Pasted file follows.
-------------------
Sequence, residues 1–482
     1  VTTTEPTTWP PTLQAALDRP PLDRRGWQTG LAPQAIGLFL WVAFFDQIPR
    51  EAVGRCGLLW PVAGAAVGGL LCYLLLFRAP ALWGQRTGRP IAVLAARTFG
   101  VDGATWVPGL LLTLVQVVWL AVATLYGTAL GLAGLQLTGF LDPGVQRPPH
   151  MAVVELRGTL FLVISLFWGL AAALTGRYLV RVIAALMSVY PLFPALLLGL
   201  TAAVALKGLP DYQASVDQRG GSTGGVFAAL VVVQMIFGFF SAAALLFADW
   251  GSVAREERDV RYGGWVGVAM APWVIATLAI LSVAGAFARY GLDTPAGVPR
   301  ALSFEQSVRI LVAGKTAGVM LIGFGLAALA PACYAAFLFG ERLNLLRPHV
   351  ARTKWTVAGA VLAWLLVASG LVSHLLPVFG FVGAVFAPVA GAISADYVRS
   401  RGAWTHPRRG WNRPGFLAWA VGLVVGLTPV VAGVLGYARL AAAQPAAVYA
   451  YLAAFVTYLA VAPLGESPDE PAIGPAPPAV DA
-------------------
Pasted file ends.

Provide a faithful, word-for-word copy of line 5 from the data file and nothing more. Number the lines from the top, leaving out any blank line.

   151  MAVVELRGTL FLVISLFWGL AAALTGRYLV RVIAALMSVY PLFPALLLGL